LIMA - Archaeologists exploring Peru’s pre-Colombian past recently unearthed a glimpse of a less prominent chapter in the Andean country’s history — the remains of 16 Chinese laborers from around the turn of the 19th century.
The bodies, thought to be those of indentured workers brought to Peru to replace slave labor, were found buried at the top of an adobe pyramid first used by the ancient Ichma people, Roxana Gomez, the lead archaeologist of the site, said Thursday.
Peru was one of the biggest destinations for Chinese labor in Latin America in the 20th century, a market that thrived after slavery was abolished in the country in 1854.
The Chinese found at the Bellavista pyramid in Lima were buried in the late 1800s and early 1900s and had likely picked cotton at a nearby plantation in “very difficult” conditions, said Gomez.
In a possible sign of how the Chinese gradually emerged from dire poverty in Peru, the first 11 bodies were shrouded in cloth and placed in the ground, while the last five wore blue-green jackets and were buried in wooden coffins, Gomez said.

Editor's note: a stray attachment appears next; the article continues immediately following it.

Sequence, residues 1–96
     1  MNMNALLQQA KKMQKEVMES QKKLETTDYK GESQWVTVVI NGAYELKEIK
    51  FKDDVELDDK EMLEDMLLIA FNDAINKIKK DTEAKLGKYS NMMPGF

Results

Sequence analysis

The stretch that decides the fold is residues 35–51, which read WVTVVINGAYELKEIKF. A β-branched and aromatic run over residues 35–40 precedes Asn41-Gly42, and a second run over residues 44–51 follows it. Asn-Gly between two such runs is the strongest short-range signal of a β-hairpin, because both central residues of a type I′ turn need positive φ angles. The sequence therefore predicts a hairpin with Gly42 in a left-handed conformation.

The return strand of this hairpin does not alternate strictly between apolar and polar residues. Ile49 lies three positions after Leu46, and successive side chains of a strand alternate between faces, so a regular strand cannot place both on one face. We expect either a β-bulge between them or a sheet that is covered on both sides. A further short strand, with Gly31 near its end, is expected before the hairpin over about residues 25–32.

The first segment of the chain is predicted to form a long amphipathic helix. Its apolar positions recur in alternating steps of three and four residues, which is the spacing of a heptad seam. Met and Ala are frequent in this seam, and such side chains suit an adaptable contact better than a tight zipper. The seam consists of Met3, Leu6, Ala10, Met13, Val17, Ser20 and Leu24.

“In one Chinese coffin, an opium pipe and a small ceramic vessel were included in the funerary ensemble,” said Gomez.
Chinese laborers in the 20th century were generally not allowed to be buried at Lima’s Catholic cemeteries, forcing them to improvise burial sites, according to Peru’s Culture Ministry.
The remains of Chinese laborers were previously found in Lima at other adobe pyramids known as “huacas.” Built by the indigenous societies that once ruled much of Peru’s Pacific coast, huacas were used as administrative and religious centers where members of the elite were often buried with gold objects, ceramics or human sacrifices.
Gomez said the huacas had a sacred association that might have made them attractive places for burial by Chinese laborers.
The Bellavista huaca was occupied by Ichma starting in about A.D. 1000 and was later annexed by the Incan empire until the arrival of Spanish conquerors who deemed huacas blasphemous.
Italian immigrants later kept vineyards at the base of the site, Gomez added.
“The best way to understand our history is as a continuum of different cultures,” said Gomez.